The products were then ready for analysis and sensory evaluation. This procedure was done for all the four (4) milk samples and the control (Dano skimmed milk).

All the yogurt-like samples were subjected to sensory assessment by people that are familiar with the quality attributes of these yogurt products. Clean cups were provided for each sample; each panelist was requested to taste the samples one after the other and to indicate their degree of likeness or preference. The samples were evaluated for taste, sweetness, texture and odor. The panelist were asked to rate the samples for appearance, flavour, texture, aroma. The ratings were scored from a Hedonic scale ranging from 1.0 - 5.0.


5.0 = Very Good.

4.9 - 4.0 = Good.

3.9 - 3.0 = Fair.

2.9 - 2.0 = Poor.

1.9 - 1.0 = Bad.

Statistical Analysis

The results obtained were subjected to analysis of variance (ANOVA). Mean comparison were carried out among the 4 yogurt-like products by Statistical Programs for Social Sciences (SPSS, 1992).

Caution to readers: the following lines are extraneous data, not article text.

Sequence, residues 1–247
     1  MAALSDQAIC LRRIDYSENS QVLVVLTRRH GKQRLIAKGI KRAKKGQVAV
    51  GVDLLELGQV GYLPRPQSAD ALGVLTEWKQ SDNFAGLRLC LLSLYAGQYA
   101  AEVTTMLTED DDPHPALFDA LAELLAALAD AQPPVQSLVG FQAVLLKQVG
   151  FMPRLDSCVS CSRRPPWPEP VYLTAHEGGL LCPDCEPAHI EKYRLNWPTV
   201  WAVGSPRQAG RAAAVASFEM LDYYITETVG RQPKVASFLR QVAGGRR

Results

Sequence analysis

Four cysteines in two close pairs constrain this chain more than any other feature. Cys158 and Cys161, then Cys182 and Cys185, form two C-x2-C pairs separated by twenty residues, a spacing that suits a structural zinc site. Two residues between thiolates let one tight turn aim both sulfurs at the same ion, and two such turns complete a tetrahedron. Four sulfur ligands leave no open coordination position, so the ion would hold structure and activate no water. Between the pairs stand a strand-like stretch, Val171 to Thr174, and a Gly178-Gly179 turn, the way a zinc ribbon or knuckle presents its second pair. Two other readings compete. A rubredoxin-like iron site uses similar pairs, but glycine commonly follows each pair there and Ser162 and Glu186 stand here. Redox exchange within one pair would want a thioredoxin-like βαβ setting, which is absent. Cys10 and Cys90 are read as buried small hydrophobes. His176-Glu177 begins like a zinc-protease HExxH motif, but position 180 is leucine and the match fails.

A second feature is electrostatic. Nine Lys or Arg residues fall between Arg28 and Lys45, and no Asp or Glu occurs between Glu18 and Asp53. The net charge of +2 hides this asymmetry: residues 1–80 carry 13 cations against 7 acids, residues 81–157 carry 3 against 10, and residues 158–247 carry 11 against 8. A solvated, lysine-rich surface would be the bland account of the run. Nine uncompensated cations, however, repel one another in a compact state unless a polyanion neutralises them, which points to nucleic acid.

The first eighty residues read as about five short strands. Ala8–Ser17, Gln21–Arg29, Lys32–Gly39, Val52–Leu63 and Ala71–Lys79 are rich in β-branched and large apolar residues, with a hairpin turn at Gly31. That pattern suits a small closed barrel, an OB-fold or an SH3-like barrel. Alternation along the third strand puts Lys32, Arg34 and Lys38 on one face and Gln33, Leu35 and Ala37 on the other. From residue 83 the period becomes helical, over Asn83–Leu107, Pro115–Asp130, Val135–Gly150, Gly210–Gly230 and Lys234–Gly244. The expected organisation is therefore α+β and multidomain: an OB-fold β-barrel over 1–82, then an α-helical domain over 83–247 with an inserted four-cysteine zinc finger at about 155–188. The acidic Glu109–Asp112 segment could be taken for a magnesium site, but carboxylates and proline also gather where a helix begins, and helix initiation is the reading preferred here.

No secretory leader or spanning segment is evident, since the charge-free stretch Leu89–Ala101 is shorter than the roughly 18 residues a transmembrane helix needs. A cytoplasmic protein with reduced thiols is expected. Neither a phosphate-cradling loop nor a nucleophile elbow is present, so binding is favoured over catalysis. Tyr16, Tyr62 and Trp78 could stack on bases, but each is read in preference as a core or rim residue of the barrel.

3. Result and Discussion

Table 1 shows the proximate composition of the different milk samples. The ash content ranged between 0.5 and 0.96%. The ash content is a reflection of the mineral compositions of the milk samples and is quite comparable. This was an indication that all the samples investigated had micronutrients. However it is apparent that the value of goat milk (0.96%) was higher than the other milk samples [9] . The ash content which was highest in goat milk and lowest in coconut milk could be due to the salt lick activities done by the herbivores [10] . All the samples had high moisture contents which ranged between 63.34% - 76.90%. The moisture content of cow milk was the highest with 76.90% followed by that of goat milk, then coconut milk and soymilk. This could affect the stability and safety of food with respect to microbial growth and proliferation hence the products will require cold storage.